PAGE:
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ASU receives $2M to boost coronavirus rapid research response

March 31, 2020 | News

A $2 million donation in emergency grants from the Virginia G. Piper Charitable Trust will vastly increase efforts now underway at Arizona State University to coordinate preparedness responses to the coronavirus pandemic. The grants will support the university’s work in three areas: • Testing of critical workforce including health care workers, first responders and infrastructure personnel. • Assembling of nose- and throat-swab test kits in short supply for health care...

Cancer paper makes Top 100

March 30, 2020 | News

News that Stephen Albert Johnston’s published approach to cancer prevention is one of 2019’s most downloaded papers in cancer research is testament to scientific interest in breakaway approaches to cancer. Today, Johnston’s paper is 14th most popular among more than 1,000 papers submitted to Nature Scientific Reports from across the world. “The work we reported represents the foundational research for the vaccines and diagnostics we have been working on for 15 years,” said...

Viewpoint: Could disease pathogens be the dark matter behind Alzheimer’s disease?

March 18, 2020 | News

For researchers investigating Alzheimer’s Disease (AD), a devastating neurodegenerative illness afflicting close to 6 million Americans, it is the best and worst of times. Scientists have made exponential advances in understanding many aspects of the mysterious disease since it was first diagnosed over 100 years ago. Nevertheless, every effort to find a cure for AD or even slow its relentless advance has met with dispiriting failure. The next chapter in the fight against the disease...

Powering up high school biology

March 17, 2020 | News

In his lab at Arizona State University, Abhishek Singharoy studies how cells interact with each other on the atomic level. His research uses high-powered molecular visualization programs that can’t run on an average computer. Instead, he connects remotely to supercomputers based at national laboratories to run his simulations, tapping into their vast computational power. It’s a common model for researchers all over the world — which sparked an idea from Singharoy. “Why can't we...

Solving obesity: Could manipulating microbes offer an alternative to weight loss surgery?

March 13, 2020 | News

Already considered a global epidemic, human obesity continues to be on the rise. According to the Centers for Disease Control, more than 40% of the U.S. population is considered obese. The gamut of adverse health effects associated with obesity is broad, including such devastating illnesses as type 2 diabetes, coronary artery disease, stroke, sleep apnea and certain forms of cancer. Patients often suffer depression, loss of mobility, social isolation and inability to work. With costs...

Researchers identify marker that may predict whether lung cancer likely to spread

March 11, 2020 | News

Non-small cell lung cancer (NSCLC) is the most commonly diagnosed cancer, and the leading cause of cancer death worldwide. More than half of NSCLC patients die after developing metastases. There are no tests currently that would allow doctors to identify patients where more aggressive therapy could reduce mortality. Researchers at Tulane University and Arizona State University have identified a protein on tumor-derived extracellular vesicles that indicates if a NSCLC tumor is likely to...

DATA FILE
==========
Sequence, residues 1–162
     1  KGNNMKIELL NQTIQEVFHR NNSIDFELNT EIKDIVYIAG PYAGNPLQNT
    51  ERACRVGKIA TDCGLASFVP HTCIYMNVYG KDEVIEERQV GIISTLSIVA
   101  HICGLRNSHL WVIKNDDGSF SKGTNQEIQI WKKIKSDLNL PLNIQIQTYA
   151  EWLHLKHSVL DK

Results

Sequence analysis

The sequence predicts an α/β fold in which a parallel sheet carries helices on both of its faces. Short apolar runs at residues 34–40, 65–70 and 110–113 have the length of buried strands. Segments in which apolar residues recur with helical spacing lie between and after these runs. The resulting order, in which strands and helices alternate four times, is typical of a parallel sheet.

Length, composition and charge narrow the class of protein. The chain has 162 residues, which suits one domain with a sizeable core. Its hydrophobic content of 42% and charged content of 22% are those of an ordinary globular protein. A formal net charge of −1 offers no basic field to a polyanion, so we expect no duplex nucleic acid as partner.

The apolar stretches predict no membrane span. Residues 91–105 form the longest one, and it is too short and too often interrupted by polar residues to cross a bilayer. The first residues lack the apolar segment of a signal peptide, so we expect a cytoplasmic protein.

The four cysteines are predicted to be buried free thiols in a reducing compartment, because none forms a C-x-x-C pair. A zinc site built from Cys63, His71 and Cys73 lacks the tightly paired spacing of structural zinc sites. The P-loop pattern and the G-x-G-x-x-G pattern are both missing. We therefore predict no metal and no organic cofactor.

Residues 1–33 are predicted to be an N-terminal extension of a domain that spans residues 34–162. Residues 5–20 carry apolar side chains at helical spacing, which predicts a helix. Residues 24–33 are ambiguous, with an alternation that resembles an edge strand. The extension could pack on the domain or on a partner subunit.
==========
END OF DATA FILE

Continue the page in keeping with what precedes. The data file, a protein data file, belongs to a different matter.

Oversupply of energy could put you at risk of developing cancer

March 9, 2020 | News

Growing up, we are told that eating a balanced diet is pivotal to our health. After all, food is what supplies our body with the energy we need day to day. And it’s well understood that obesity, diabetes and chronic inflammation – common ailments tied to diet – hinder our health, often contributing to a higher chance of developing cancer. But the mechanism underlying this increase has not been well established – until now. Athena Aktipis, assistant professor in the Psychology...

X-ray eyes peer deeper into deadly pathogen

March 5, 2020 | News

Tularemia is a rare but often lethal disease. It is caused by one of the most aggressive pathogens on earth, the bacterium Francisella tularensis. The microbe, transported by a variety of animals and insects, is able to enter and attack the body through a range of pathways, resulting in different constellations of symptoms and degrees of severity. Tularemia remains poorly understood and no safe and effective vaccine exists for the disease. The extreme lethality of F. tularensis and its...

Accelerating precision medicine

March 3, 2020 | News

From head toe, we are a rich conglomerate of cells, constructed of and managed by proteins. Proteins are the building blocks of life, and the role they play in our bodies can determine whether we are healthy or sick. In 2018, researchers calculated that there are approximately 42 million protein molecules per cell. Despite valiant efforts, we know very little about proteins. The problem is that proteins are tiny, incredibly diverse, and perplexingly complicated. To date, researchers have...

ASU researcher explores biomolecular structures to advance nanotechnology

March 3, 2020 | News

Nanotechnology is a hot topic in the engineering world. Discoveries at this tiny scale — meaning billionths of a meter, or the distance that fingernails grow each second — are inspiring optical and electronic innovations in fields ranging from medicine to construction. But creating the substances required to advance such work is a heated issue. Fabricating nanomaterials is difficult. Results can be inconsistent, and the process requires toxic solvents and high temperatures. Consequently,...